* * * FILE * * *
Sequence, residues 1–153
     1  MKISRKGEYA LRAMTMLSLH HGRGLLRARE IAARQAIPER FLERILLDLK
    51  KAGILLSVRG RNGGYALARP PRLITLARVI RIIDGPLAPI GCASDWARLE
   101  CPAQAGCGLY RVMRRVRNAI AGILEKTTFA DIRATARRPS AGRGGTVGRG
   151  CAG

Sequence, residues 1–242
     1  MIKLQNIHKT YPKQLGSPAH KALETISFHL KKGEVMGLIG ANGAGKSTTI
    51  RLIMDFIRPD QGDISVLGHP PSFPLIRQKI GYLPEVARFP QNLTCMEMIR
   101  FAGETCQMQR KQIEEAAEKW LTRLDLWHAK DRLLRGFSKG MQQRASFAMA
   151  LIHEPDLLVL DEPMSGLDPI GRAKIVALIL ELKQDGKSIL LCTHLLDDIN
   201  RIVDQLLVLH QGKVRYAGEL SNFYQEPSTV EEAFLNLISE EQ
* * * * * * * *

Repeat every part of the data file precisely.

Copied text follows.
Sequence, residues 1–153
     1  MKISRKGEYA LRAMTMLSLH HGRGLLRARE IAARQAIPER FLERILLDLK
    51  KAGILLSVRG RNGGYALARP PRLITLARVI RIIDGPLAPI GCASDWARLE
   101  CPAQAGCGLY RVMRRVRNAI AGILEKTTFA DIRATARRPS AGRGGTVGRG
   151  CAG

Sequence, residues 1–242
     1  MIKLQNIHKT YPKQLGSPAH KALETISFHL KKGEVMGLIG ANGAGKSTTI
    51  RLIMDFIRPD QGDISVLGHP PSFPLIRQKI GYLPEVARFP QNLTCMEMIR
   101  FAGETCQMQR KQIEEAAEKW LTRLDLWHAK DRLLRGFSKG MQQRASFAMA
   151  LIHEPDLLVL DEPMSGLDPI GRAKIVALIL ELKQDGKSIL LCTHLLDDIN
   201  RIVDQLLVLH QGKVRYAGEL SNFYQEPSTV EEAFLNLISE EQ